"Dinoot trailers offer DIYers a budget friendly way to build a trailer tailored to your needs," Chaney explained to us. "If saving money is your only motivation, you might not have a rewarding experience. Now combine saving money, being mechanically inclined and getting satisfaction from building things with your own two hands; that’s a recipe for success."

The Dinoot trailer launched this summer. The Compact kit, which includes the panels needed to build the tub, costs $789, or $859 for the model with a tailgate cutout (actual tailgate sold separately for $172). The Extended version retails for $889, $959 with the tailgate cutout. CCC suggests using a Harbor Freight bolt-together trailer for light-duty usage, and a search indicates that you can find one of those for around $300. So that's roughly $1,200 plus the cost of plywood and supplies for the most basic gear-hauling trailer. Chaney's estimate of $1,300 for a completed basic hauler agrees with our figures.

The cost of more elaborate Dinoot rigs will, of course, depend on the specific frame, tub and accessories that you equip them with. Chaney estimates that a basic camping trailer will start at $2,400 in parts and materials.

A Dinoot pop-up concept

As Chaney intimated, building a trailer from the ground up is not for everyone – road tripping and camping are supposed to be at least somewhat relaxing, after all. For those types that prefer to pull up, bolt a hitch to their brand new trailer and drive away, CCC does offer assembly services. It's also working on a few fully-built models, including a sleep-in camper that adds a pull-up hard top (similar to the one used on the Ursa Minor camper) to the Dinoot tub. An off-road teardrop camper is also in the works.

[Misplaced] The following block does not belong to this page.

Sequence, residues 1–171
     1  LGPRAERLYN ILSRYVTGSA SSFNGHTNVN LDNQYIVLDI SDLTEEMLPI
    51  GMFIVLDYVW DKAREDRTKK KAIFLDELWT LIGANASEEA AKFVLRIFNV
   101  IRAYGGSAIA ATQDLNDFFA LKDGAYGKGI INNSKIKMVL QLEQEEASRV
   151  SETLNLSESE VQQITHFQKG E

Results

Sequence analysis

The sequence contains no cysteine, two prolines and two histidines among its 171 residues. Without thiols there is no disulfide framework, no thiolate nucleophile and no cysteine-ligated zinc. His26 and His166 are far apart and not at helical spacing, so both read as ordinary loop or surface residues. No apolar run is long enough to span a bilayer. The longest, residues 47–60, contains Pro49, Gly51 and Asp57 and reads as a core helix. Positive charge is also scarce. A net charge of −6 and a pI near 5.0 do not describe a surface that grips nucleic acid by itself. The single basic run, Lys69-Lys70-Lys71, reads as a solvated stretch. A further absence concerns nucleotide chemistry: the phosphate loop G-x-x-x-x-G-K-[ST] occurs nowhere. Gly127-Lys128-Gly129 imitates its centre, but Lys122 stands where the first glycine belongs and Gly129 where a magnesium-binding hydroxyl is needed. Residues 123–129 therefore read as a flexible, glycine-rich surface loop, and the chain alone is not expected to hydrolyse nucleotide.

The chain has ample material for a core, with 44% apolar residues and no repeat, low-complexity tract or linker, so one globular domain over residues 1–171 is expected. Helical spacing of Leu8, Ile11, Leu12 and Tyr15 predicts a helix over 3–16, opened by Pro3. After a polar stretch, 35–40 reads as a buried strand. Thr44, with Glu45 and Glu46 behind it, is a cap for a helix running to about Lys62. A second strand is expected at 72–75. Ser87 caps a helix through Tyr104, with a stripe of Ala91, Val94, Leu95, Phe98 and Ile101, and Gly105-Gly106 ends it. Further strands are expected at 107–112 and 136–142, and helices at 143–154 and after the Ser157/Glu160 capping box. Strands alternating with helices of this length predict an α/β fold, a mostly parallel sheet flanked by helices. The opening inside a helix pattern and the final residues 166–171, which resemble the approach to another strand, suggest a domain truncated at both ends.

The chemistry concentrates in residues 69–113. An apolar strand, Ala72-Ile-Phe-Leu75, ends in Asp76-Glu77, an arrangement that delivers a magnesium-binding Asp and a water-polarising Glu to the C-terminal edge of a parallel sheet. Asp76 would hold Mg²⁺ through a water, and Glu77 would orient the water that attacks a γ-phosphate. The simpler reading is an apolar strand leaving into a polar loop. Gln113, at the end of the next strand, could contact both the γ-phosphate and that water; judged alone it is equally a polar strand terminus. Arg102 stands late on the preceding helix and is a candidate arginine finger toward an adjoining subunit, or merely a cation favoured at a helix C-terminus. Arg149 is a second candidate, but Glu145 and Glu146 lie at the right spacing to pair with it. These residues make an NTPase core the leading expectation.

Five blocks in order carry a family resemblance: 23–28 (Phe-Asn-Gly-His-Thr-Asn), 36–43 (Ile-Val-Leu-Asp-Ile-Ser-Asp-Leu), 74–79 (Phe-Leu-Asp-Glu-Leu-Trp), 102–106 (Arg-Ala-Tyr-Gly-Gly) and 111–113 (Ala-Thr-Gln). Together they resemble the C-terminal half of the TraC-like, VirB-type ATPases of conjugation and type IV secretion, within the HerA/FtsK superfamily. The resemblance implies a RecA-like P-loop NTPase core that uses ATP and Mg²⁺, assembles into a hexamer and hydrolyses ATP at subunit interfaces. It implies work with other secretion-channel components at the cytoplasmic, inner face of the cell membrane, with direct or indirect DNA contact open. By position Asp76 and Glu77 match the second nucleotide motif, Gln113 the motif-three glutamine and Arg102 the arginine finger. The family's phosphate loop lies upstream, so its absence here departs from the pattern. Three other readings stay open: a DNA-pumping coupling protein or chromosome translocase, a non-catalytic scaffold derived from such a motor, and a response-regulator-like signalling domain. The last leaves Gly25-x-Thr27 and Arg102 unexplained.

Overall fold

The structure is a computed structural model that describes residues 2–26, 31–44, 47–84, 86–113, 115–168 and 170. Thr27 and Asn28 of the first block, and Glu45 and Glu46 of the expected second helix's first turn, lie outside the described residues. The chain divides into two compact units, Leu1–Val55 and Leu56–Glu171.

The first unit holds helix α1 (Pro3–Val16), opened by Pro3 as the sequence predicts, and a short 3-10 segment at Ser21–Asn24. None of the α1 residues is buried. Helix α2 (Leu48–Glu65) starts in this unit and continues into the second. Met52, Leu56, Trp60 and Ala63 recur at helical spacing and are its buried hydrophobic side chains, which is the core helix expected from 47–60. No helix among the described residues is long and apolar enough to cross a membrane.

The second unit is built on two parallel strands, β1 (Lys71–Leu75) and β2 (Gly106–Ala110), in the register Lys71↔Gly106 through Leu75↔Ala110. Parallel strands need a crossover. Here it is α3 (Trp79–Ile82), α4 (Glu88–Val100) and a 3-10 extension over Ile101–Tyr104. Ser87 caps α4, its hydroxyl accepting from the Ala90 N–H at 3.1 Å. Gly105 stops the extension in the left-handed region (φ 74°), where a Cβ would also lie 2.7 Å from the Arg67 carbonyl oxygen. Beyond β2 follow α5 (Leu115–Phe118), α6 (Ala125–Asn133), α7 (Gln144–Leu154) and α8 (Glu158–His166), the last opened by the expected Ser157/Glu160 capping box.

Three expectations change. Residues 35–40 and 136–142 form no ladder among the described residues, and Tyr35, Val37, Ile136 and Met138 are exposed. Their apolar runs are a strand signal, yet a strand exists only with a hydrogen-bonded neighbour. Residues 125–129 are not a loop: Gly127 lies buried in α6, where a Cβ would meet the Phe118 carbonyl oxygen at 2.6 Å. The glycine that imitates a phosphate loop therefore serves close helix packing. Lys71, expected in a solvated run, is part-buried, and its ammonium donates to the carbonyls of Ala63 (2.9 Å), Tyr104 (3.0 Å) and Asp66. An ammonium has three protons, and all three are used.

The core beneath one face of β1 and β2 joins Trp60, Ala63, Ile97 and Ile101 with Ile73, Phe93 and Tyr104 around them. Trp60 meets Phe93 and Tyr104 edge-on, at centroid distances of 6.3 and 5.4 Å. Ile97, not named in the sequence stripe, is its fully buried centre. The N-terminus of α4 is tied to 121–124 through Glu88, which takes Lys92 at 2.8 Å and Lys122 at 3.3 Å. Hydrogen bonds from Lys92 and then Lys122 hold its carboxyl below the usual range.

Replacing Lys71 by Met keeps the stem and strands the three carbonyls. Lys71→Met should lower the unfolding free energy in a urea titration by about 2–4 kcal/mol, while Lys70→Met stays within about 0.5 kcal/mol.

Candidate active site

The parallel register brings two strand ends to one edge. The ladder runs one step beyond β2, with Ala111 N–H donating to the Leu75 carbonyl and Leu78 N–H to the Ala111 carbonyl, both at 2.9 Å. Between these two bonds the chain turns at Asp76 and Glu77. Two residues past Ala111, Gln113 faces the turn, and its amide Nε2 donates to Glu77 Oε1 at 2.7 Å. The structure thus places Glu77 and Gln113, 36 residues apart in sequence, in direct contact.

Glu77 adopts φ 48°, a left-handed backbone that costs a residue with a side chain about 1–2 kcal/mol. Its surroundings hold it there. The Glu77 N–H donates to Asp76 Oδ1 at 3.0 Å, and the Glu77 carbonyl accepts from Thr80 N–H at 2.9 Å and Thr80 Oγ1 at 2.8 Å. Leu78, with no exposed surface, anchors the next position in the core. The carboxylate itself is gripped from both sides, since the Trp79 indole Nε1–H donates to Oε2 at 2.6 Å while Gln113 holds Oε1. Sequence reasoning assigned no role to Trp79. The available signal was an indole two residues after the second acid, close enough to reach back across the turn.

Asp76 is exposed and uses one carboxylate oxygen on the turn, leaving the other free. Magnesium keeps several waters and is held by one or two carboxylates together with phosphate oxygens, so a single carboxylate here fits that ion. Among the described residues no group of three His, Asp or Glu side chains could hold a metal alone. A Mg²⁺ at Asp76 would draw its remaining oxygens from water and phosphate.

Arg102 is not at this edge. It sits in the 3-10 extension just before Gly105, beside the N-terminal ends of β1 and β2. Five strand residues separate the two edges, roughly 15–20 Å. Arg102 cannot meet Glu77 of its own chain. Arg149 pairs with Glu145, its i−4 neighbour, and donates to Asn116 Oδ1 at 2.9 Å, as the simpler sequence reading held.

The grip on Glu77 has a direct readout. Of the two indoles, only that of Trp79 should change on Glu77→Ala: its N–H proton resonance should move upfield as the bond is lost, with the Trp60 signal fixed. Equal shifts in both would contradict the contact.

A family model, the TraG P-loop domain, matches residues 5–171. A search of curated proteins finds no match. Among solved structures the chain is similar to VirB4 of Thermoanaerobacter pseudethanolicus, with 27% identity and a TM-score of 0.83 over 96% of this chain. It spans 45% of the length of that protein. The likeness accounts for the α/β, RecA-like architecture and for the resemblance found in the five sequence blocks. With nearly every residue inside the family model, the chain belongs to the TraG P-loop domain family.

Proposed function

Source: Compact Camping Concepts

About the Author
C.C. Weiss Upon graduating college with a poli sci degree, Chris toiled in the political world for several years. Realizing he was better off making cynical comments from afar than actually getting involved in all that mess, he turned away from matters of government and news to cover the things that really matter: outdoor recreation, cool cars, technology, wild gadgets and all forms of other toys. He's happily following the wisdom of his father who told him that if you find something you love to do, it won't really be work.   All articles by C.C. Weiss
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3 Comments

I followed the design phase of this trailer and it is well thought out and constructed. I would like to add one to the stable in the near future.

Douglas Renfro
28th September, 2012 @ 10:51 pm PDT

It would be useful to see the approximate weights of the various configurations.

Laura Ward
30th September, 2012 @ 08:17 pm PDT

For some strange reason, this reminds me of car top carriers that my family used to have when I was a kid. Totally remember the days of my dad hooking the car top carrier onto the car and then filling it with our suitcases and bags and such. Is this gear something that can be bought right out with the trailer? Or does it come separate?

Bryan Flake
22nd April, 2014 @ 12:51 pm PDT